Unexpected Lessons at Training Camp
Calum McClelland ’16
Calum’s first three years at Brown flew by in a string of successes. He played varsity lacrosse and rugby, excelled in his philosophy classes, took on leadership role at the Brown Game Developers Club, and worked on developing a board game with his brother.
Then senior year came, and Calum faced a series of personal hardships, including the death of his grandfather. He began considering his future in a new light. With graduation looming, he began asking himself what a good life might look like. With this new focus, coupled with his ongoing interest in entrepreneurship, VFA felt like the right step forward.
Still, Calum was hesitant about Training Camp. By the end of his senior year, he was tired of studying—more than anything, he wanted to jump in and begin adding value at a company. It was hard for him to imagine learning anything of substance at Training Camp that he couldn’t just learn on the job.
A new kind of learning
From the first day, Training Camp was not what Calum expected. Many of the challenges and conversations proved valuable, and it felt more practical than he expected. Most important, though, was the time he spent with other Fellows.
Calum always knew he had a lot of gifts—intelligence, athleticism, the capacity for hard work. Occasionally, he found himself looking down on people who struggled in areas where he easily excelled. But Training Camp flipped a switch in his brain. Calum liked VFA’s mission, but other Fellows already embodied it. He met Fellows who volunteered in their communities, launched companies during undergrad that met a real community need, and approached every day with a commitment to integrity. Calum’s gifts, he realized, were opportunities to help others.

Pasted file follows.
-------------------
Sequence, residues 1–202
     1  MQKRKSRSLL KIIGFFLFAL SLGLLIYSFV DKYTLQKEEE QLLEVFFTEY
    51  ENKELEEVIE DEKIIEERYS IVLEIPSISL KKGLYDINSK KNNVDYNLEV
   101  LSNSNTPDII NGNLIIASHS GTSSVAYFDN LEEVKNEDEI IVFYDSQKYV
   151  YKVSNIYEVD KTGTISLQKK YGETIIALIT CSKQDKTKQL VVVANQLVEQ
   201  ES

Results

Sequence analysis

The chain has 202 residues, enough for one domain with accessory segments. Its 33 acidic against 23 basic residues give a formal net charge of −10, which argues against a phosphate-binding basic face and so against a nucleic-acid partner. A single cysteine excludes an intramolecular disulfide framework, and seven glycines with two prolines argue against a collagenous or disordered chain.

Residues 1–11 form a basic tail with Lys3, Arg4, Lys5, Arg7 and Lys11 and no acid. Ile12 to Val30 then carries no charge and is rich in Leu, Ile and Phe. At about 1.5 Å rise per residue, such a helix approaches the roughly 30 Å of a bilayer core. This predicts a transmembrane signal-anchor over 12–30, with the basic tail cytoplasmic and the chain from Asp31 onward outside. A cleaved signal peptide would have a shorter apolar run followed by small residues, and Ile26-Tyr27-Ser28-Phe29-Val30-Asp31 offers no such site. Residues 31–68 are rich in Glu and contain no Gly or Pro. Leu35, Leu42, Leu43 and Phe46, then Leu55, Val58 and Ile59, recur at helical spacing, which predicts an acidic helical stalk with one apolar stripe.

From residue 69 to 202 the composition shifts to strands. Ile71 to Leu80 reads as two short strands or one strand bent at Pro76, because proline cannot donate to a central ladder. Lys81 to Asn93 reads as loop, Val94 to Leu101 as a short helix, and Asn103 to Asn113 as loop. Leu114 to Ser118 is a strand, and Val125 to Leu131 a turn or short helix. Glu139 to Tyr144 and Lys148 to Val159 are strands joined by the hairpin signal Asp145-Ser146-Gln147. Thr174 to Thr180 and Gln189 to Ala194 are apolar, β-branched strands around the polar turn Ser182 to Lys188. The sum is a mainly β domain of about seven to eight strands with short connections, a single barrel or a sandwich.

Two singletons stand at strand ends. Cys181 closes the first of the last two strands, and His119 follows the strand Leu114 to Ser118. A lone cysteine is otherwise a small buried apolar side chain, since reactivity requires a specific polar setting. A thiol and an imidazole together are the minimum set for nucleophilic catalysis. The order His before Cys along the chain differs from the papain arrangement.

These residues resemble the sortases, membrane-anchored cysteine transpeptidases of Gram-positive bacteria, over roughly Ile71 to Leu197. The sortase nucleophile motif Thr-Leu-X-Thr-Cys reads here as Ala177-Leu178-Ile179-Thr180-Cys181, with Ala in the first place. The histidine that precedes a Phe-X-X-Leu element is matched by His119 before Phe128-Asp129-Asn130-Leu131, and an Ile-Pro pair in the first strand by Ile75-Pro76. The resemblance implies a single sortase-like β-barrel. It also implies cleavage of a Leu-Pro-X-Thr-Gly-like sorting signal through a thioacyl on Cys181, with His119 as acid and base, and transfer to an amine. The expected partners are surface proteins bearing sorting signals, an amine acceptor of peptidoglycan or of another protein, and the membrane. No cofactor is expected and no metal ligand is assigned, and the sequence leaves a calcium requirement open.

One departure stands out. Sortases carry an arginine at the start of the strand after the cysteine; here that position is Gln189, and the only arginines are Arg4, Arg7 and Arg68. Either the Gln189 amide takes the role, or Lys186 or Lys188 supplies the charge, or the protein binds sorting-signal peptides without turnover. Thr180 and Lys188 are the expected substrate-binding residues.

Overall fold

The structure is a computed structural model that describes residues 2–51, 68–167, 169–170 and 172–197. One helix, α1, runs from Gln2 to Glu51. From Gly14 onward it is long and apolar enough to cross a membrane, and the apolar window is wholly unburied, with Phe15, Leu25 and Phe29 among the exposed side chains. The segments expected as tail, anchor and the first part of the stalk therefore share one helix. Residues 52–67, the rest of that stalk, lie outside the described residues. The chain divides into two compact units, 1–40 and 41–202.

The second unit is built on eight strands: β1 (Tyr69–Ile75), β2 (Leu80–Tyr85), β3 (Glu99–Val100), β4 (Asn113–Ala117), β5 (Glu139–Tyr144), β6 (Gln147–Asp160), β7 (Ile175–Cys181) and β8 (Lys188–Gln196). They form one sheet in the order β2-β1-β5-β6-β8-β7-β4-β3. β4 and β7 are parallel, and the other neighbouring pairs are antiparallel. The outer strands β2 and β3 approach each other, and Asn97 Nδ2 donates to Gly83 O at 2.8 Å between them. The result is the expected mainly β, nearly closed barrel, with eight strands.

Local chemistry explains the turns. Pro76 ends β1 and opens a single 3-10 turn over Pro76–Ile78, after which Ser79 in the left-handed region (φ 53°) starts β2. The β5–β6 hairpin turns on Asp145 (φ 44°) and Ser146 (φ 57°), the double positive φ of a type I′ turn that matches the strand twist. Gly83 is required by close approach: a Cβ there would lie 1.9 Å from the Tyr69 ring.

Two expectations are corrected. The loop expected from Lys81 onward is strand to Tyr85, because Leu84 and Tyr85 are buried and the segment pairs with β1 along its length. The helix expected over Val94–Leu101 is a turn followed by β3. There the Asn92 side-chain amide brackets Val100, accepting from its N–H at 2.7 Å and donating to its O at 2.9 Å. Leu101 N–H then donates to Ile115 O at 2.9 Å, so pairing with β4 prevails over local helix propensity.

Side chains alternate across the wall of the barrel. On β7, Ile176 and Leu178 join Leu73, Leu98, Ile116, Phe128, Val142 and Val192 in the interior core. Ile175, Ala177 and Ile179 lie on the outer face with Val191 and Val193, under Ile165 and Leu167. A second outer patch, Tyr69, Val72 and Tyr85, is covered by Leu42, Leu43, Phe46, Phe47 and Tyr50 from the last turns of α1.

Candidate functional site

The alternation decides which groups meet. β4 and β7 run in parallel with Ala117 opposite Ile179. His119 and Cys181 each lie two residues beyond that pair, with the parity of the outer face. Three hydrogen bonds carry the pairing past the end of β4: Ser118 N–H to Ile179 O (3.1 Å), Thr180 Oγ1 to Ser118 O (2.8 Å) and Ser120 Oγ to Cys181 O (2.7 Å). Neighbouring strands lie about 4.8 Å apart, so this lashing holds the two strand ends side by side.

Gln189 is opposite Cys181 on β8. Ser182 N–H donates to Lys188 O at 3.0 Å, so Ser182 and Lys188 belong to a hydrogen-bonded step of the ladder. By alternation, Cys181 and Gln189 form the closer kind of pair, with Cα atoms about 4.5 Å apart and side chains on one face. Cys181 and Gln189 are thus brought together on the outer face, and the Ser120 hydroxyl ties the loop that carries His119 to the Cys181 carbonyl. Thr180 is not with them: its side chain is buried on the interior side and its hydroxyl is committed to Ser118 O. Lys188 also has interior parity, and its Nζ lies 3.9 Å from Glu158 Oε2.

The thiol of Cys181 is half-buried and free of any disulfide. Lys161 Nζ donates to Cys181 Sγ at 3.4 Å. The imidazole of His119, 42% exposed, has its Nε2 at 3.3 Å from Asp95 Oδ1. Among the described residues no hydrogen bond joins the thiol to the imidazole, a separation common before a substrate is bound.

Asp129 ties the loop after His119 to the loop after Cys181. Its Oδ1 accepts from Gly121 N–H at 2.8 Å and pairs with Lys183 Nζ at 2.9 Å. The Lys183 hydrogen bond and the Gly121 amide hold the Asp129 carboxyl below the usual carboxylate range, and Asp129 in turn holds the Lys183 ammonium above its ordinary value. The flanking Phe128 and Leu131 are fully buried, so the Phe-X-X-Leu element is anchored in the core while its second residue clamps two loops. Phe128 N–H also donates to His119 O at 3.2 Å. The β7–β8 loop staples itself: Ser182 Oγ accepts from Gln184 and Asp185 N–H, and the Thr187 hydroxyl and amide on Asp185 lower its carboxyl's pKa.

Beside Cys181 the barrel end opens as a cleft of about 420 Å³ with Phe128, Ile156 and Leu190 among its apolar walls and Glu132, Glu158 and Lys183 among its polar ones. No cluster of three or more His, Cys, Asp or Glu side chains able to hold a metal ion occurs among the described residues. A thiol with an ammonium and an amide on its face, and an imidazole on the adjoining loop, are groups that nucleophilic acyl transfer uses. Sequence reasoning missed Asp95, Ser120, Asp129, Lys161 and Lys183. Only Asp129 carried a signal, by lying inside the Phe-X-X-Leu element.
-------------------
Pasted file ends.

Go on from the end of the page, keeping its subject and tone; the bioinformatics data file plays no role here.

My expectations weren’t very high going in, but Training Camp had a profound effect on me. I joined VFA because I was interested in entrepreneurship, but getting to know the other Fellows and hearing about their commitment to impacting the country for the better gave me a sense of purpose.
At Training Camp, Calum developed relationships with people who were unlike him, with experiences that didn’t mirror his own. It made him want to shift his mindset: be less quick to judge, and more open to approaching others as whole people, with complicated histories of their own. In Baltimore, where he works as the Director of Business Development at Leverege, the VFA community continues to inspire him—to work harder, find ways to add value, and to leave any community he joins better than he found it. “The other Fellows aren’t just capable and smart,” he said, “they’re also cool, interesting, self-aware, genuinely good people.” And they’ve given him a sense of direction.